"In 1960, two-thirds (68%) of all twenty-somethings were married. In 2008, just 26% were." "To get a sense of how different attitudes were in the 1960s, perhaps this will do it. (M)arried women were asked, ‘In your opinion, do you think it is all right for a woman to have sexual relations before marriage with a man she knows she is going to marry?’ ...Eighty-six percent said no."
The damage to our society caused by this decline in marriage is almost incalculable.
According to the Index of Leading Cultural Indicators, children from single-parent families account for 63 percent of all youth suicides, 70 percent of all teenage pregnancies, 71 percent of all adolescent chemical/substance abuse, 80 percent of all prison inmates, and 90 percent of all homeless and runaway children.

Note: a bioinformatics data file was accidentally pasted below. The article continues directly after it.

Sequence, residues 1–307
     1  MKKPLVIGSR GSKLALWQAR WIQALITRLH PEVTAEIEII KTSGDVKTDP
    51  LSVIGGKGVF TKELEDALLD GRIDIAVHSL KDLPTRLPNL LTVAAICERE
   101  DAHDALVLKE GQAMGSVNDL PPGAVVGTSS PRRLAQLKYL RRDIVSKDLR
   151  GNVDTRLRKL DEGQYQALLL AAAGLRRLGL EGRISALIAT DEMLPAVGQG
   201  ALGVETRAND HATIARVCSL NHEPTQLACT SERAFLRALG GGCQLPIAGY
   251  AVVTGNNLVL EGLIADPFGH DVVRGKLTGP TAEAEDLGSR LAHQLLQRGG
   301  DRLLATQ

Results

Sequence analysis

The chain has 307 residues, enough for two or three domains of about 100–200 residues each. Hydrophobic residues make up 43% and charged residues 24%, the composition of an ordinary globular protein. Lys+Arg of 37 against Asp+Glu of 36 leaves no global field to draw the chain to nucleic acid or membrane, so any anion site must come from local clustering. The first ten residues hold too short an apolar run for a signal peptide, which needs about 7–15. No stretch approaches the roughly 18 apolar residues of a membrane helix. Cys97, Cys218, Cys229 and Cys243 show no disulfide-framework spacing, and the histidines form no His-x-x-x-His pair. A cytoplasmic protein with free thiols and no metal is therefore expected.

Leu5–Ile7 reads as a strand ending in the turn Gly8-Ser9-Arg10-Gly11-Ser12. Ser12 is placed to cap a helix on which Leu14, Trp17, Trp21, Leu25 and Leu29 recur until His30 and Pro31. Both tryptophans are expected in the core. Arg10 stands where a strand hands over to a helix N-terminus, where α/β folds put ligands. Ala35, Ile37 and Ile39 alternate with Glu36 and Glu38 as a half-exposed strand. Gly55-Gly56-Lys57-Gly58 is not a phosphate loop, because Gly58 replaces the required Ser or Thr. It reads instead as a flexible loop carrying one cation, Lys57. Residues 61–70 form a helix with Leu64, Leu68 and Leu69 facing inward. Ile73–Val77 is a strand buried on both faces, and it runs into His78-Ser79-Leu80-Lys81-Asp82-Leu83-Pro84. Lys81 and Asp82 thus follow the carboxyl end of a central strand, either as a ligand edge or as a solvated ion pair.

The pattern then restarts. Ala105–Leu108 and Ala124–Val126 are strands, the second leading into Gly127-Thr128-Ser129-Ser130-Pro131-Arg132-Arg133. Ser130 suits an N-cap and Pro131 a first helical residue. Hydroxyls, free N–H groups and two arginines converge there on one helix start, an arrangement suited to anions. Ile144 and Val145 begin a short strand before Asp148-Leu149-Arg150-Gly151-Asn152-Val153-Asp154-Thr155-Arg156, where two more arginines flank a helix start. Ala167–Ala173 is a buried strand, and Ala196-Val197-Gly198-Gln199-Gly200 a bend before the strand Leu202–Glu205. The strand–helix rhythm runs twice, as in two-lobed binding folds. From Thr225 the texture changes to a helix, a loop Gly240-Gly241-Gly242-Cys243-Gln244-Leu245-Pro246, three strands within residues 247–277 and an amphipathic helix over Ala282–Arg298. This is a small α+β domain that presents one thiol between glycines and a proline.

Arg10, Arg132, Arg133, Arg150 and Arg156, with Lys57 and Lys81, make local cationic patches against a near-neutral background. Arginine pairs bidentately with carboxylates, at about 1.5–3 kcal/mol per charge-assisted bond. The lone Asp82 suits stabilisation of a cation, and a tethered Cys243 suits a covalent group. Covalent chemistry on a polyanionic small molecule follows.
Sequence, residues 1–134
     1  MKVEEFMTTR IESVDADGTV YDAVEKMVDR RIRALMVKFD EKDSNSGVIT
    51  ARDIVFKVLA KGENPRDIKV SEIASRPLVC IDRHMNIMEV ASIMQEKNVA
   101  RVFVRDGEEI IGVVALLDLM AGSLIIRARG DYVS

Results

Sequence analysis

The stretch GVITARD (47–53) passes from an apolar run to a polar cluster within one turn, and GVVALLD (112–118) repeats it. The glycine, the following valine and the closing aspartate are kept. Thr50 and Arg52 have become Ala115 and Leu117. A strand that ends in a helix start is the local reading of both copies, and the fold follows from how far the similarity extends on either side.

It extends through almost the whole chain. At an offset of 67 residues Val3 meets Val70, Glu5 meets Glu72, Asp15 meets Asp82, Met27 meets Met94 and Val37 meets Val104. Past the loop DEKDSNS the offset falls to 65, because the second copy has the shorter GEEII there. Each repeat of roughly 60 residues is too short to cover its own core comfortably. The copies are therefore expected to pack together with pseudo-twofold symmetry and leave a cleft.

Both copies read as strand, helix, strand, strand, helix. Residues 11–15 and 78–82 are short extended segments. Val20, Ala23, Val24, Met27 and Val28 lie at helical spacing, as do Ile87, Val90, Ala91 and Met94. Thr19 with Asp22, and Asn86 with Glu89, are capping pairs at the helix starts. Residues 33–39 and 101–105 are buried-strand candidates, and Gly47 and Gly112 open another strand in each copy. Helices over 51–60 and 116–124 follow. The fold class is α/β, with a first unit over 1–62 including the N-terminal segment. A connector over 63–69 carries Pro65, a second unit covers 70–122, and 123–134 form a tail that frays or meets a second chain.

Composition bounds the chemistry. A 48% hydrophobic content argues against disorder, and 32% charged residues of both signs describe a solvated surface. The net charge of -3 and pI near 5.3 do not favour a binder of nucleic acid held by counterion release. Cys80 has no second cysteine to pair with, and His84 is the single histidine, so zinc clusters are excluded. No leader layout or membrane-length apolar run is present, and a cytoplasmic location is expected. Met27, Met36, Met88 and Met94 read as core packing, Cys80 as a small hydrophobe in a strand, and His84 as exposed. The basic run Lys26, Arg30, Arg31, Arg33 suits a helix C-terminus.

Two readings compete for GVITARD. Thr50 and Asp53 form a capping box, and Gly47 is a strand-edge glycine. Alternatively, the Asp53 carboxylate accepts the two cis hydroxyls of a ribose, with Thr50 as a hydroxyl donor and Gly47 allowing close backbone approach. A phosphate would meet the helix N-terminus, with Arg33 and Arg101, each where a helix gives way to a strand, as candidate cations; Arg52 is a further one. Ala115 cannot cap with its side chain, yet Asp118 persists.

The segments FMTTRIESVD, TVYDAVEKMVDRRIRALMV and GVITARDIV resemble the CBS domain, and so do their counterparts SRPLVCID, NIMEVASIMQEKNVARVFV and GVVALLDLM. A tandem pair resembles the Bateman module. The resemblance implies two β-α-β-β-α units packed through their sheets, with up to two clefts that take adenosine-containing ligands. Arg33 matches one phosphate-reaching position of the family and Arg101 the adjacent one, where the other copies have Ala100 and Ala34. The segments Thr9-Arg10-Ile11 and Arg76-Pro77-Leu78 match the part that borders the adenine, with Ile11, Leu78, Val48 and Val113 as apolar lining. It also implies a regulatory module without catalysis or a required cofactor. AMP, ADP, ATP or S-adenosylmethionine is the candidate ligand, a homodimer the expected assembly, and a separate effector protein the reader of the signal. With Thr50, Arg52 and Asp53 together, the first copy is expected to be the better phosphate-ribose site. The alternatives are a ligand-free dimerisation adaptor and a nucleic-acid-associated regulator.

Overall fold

A study cited in the Village Voice produced similar numbers. It found that children brought up in single-mother homes “are five times more likely to commit suicide, nine times more likely to drop out of high school, 10 times more likely to abuse chemical substances, 14 times more likely to commit rape (for the boys), 20 times more likely to end up in prison, and 32 times more likely to run away from home.”
There are no easy fixes for this problem, but before we can even begin to consider solutions, we need to get a better understanding of what has gone wrong. Why is marriage collapsing in America? What are the root causes of the phenomenon? If studies show that married couples are happier, more financially secure and generally better off across just about every variable you can imagine, why are there so many people who are reluctant to get married?
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